Studies exploring the relationship between prenatal vitamin D exposure and childhood asthma have yielded conflicting results. Higher vitamin D intake during pregnancy has been shown to lower the risk of childhood wheeze, yet a study of maternal late-pregnancy serum 25-hydroxyvitamin D suggested higher serum concentrations may be associated with increased childhood asthma.
To assess the relationship between mothers’ serum 25-hydroxyvitamin D status and asthma and wheeze phenotypes in their children at age 6 years. Secondly, to explore the relationship between maternal 25-hydroxyvitamin D status and objective measures of childhood atopy and lung function.
Serum 25-hydroxyvitamin D was measured at 34 weeks’ gestation in the mothers of 860 children born at term. Wheeze was classified as either transient or persistent/late using questionnaire data collated from 6, 12, 24 and 36 months and 6 years. At 6 years spirometry was performed and atopic status was determined by skin prick testing, exhaled nitric oxide was measured in 451 and bronchial hyperresponsiveness in 216 children.
There were no significant associations between maternal late-pregnancy 25-hydroxyvitamin D status and either asthma or wheeze at age 6 years. Maternal vitamin D status was not associated with transient or persistent/late wheeze; no significant association was found between persistent/late wheeze when subdivided according to atopic status. No associations were found with skin sensitisation or lung function.
This study provides no evidence that exposure to higher concentrations of 25-hydroxyvitamin D in maternal serum during late pregnancy increases the risk of childhood asthma, wheeze or atopy.
asthma epidemiology; asthma; paediatric asthma
Rationale: Glucocorticoids (GCs) are highly effective in the treatment of asthma. However, some individuals have GC-insensitive asthma.
Objectives: To evaluate the functional response to steroids of bronchoalveolar lavage (BAL) cells from sites of airway inflammation from patients with GC-insensitive versus GC-sensitive asthma. As well, to attempt to define the functional role of glucocorticoid receptor (GCR)β (a splicing variant, and dominant negative inhibitor of, the classic GCRα) in controlling GCRα nuclear translocation and transactivation at a molecular level.
Methods and Measurements: Fiberoptic bronchoscopy with collection of BAL fluid was performed on seven patients with GC-sensitive asthma and eight patients with GC-insensitive asthma. GCRα cellular shuttling in response to 10−6 M dexamethasone treatment and GCRβ expression were analyzed in BAL cells by immunofluorescence staining. The effects of overexpression and silencing of GCRβ mRNA on GCRα function were assessed.
Main Results: Significantly reduced nuclear translocation of GCRα in response to steroids was found in BAL cells from patients with GC-insensitive asthma. BAL macrophages from patients with GC-insensitive asthma had significantly increased levels of cytoplasmic and nuclear GCRβ. It was demonstrated that GCRα nuclear translocation and its transactivation properties were proportionately reduced by level of viral transduction of the GCRβ gene into the DO-11.10 cell line. RNA silencing of GCRβ mRNA in human BAL macrophages from patients with GC-insensitive asthma resulted in enhanced dexamethasone-induced GCRα transactivation.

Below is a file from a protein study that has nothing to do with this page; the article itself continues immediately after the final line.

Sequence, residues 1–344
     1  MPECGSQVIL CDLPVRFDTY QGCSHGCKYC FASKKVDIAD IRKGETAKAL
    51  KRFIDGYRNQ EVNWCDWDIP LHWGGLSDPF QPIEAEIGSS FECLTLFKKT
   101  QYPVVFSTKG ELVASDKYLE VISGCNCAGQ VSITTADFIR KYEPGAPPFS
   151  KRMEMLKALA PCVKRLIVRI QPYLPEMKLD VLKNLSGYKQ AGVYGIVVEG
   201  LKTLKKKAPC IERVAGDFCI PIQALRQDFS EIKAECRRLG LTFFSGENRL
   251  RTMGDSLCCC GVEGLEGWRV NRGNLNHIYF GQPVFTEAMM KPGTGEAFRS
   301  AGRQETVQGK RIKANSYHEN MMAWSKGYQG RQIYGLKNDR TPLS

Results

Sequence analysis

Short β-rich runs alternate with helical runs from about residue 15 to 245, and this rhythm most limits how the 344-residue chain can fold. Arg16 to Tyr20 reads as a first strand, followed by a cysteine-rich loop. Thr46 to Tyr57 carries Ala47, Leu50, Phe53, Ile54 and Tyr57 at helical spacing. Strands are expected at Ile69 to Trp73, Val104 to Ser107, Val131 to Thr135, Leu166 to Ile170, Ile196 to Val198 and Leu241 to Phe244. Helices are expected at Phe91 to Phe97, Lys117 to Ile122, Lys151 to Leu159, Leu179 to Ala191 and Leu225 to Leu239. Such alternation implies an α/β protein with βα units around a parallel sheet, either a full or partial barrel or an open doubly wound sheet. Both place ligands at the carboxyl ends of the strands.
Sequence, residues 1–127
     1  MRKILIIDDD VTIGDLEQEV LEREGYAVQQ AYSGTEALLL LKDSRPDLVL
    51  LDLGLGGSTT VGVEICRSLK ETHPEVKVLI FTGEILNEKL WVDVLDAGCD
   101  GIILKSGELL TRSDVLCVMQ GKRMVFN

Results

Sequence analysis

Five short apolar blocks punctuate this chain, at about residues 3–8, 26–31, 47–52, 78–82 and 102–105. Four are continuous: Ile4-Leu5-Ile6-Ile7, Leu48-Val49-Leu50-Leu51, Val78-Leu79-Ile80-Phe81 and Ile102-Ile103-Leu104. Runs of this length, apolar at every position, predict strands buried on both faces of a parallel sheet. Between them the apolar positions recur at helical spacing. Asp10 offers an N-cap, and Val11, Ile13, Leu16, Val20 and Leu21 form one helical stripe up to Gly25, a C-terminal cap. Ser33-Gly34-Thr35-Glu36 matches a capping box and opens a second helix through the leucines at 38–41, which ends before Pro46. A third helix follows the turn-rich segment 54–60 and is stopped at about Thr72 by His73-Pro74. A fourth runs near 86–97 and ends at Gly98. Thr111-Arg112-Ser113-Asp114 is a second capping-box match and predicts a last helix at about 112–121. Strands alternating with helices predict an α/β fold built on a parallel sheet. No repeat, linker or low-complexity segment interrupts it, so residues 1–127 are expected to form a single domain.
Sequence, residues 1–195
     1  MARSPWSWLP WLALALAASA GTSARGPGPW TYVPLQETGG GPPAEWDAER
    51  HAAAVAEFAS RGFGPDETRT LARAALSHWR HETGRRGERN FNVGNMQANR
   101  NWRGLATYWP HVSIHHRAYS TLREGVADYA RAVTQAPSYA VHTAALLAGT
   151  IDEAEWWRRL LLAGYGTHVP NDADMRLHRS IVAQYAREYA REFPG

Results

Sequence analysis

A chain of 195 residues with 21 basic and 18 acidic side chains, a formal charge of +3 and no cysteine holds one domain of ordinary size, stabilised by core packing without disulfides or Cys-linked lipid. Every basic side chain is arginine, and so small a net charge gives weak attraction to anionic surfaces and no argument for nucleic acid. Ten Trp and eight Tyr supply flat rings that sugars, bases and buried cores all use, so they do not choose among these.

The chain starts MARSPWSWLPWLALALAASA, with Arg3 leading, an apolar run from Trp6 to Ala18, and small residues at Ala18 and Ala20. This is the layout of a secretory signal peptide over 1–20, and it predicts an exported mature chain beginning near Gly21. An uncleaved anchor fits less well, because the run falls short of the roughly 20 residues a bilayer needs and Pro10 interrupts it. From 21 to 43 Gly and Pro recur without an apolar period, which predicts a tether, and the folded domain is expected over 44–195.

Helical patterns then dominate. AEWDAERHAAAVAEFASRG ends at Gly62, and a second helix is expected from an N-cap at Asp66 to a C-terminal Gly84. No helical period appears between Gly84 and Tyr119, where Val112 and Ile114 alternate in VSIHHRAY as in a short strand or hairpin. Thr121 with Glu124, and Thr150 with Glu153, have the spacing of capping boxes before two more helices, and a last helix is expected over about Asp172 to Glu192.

Conclusions: GC insensitivity is associated with loss of GCRα nuclear translocation in BAL cells and elevated GCRβ, which may inhibit GCRα transactivation in response to steroids.
asthma; bronchoalveolar lavage cells; glucocorticoid insensitivity; glucocorticoid receptor
In the last decade, many epidemiologic studies have investigated the link between vitamin D deficiency and asthma. Most studies have shown that vitamin D deficiency increases the risk of asthma and allergies. Low levels of vitamin D have been associated with asthma severity and loss of control, together with recurrent exacerbations. Remodeling is an early event in asthma described as a consequence of production of mediators and growth factors by inflammatory and resident bronchial cells. Consequently, lung function is altered, with a decrease in forced expiratory volume in one second and exacerbated airway hyperresponsiveness. Subepithelial fibrosis and airway smooth muscle cell hypertrophy are typical features of structural changes in the airways. In animal models, vitamin D deficiency enhances inflammation and bronchial anomalies. In severe asthma of childhood, major remodeling is observed in patients with low vitamin D levels. Conversely, the antifibrotic and antiproliferative effects of vitamin D in smooth muscle cells have been described in several experiments. In this review, we briefly summarize the current knowledge regarding the relationship between vitamin D and asthma, and focus on its effect on airway remodeling and its potential therapeutic impact for asthma.
vitamin D; asthma; airway remodeling; airway smooth muscle; supplementation
Rationale: Epidemiologic studies have shown that exacerbation of asthma is modulated by environmental endotoxin. High levels of endotoxin are associated with asthma symptoms and the current use of asthma medication. However, the underlying mechanisms by which endotoxin modulates asthma are not completely understood.
Objectives: The aim of the study was to test whether endotoxin enhances the response of individuals with allergic asthma to allergen, and to determine if this interaction is associated with increased numbers of antigen-presenting cells in the airways.